Using plastic pipe for outdoor plumbing projects can save money and eliminate the risk of pipe corrosion. Locating a buried plastic pipe, however, can be a challenge. Unlike metal piping, a traditional metal detector will not locate buried plastic pipes. Instead, in order to locate buried plastic pipes you will need a specialised locator device or you will have to locate the pipe manually using a probe. Before digging, you are legally obligated to call 811 to ensure you will not hit any underground utility lines.
Rent or purchase a specialised plastic pipe locator device that uses radar. These units can be fairly expensive, but are often available at equipment rental locations. The radar locators look similar to a push lawnmower and are equipped with a display screen.
Guide the locator over the area with buried pipes. If possible, walk the locator perpendicular to the flow of the pipes. As you cover the area, slightly overlap your tracks to ensure you get a radar reading of the entire area.
Watch the radar display for any detected underground objects. When the locator detects an object, walk along it with the locator to determine if it runs similar to a pipe. Following the pipe pattern will help you avoid digging up a rock or other underground item.
Read the building blueprints to determine the estimated location of the pipes. Without blueprints, or a rough estimate of the location, probing for pipes will be an extremely time-consuming method.
Press the probe into the ground, starting at one corner of the estimated location. The probe should go into the soil 12 to 24 inches depending on the depth of the pipes. If you do not feel the probe encounter any object, pull it out of the ground and probe again 2 to 3 inches to the side. Continue this process in rows until you encounter an object.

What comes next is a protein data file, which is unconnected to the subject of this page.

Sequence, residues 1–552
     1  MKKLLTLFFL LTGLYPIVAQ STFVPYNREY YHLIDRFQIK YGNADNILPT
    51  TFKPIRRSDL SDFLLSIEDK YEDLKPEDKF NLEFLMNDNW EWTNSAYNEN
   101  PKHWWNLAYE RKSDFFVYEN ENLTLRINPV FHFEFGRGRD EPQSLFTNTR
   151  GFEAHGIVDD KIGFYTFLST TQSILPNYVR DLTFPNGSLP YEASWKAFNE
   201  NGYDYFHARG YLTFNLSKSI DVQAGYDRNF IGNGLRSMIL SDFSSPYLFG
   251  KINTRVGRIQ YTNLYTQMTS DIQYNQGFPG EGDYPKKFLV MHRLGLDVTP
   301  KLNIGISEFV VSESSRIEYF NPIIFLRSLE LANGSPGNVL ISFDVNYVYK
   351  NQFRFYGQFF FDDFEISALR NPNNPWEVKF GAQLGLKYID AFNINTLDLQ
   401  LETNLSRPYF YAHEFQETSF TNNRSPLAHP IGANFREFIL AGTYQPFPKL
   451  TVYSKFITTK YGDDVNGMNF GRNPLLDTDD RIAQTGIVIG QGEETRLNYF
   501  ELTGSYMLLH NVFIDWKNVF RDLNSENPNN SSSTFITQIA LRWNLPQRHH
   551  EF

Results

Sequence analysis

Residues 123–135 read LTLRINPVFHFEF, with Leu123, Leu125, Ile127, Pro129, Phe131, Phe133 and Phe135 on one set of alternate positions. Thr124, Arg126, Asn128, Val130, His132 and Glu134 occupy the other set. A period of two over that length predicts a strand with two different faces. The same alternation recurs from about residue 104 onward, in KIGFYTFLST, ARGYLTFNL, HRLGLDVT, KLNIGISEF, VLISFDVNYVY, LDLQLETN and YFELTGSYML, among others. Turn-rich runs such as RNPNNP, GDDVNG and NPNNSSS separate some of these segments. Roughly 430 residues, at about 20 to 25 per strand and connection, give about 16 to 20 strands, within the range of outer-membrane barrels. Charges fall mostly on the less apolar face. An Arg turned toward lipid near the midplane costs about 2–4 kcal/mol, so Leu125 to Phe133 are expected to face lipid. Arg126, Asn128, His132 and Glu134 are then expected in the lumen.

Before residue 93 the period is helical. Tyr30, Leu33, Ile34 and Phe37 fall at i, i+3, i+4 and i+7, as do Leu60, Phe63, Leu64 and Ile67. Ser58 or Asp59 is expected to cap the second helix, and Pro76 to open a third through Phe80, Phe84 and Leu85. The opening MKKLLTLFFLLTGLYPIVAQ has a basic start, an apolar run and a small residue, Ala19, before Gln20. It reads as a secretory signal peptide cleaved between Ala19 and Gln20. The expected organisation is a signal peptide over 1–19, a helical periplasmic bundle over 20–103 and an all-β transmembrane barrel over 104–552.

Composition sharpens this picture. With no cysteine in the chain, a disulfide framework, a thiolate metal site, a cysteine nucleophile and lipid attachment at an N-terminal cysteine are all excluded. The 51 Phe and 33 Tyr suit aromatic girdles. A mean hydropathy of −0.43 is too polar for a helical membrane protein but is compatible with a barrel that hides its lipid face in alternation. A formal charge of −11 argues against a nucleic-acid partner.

Insert the probe into the ground on all four sides of any encountered object. If you encounter another object, move a few inches down the line and probe again. If you continue to encounter an object along the line, continue probing until you find the end of the pipe. When one end has been found, continue probing in the opposite direction until the full length of the pipe is determined.
Locate the nearest indoor connection to the pipe. This could be a drain, faucet or other connection. Turn the water supply to this connection off and remove the drain or faucet.
Insert a steel cable into the drain and begin feeding it into the pipe. The steel cable should be thin enough that it moves and bends within the pipe, but thick enough to generate a reading from the metal detector. Depending on the length of the pipe, you may need to run more than 40 feet of cable through the drain.
Survey the estimated outdoor location of the pipe with a metal detector. Walk slowly, in overlapping lines swaying the metal detector gently from side-to-side. When the metal detector garners a reading, run the detector over the surrounding area. If the reading continues, follow it until it stops. A long reading most likely indicates your pipe. Use a probe to test the area for pipe, or digs a small hole to confirm the pipes location. This method requires more work and supplies than other detection methods, while producing varying results. It should only be used as a last alternative.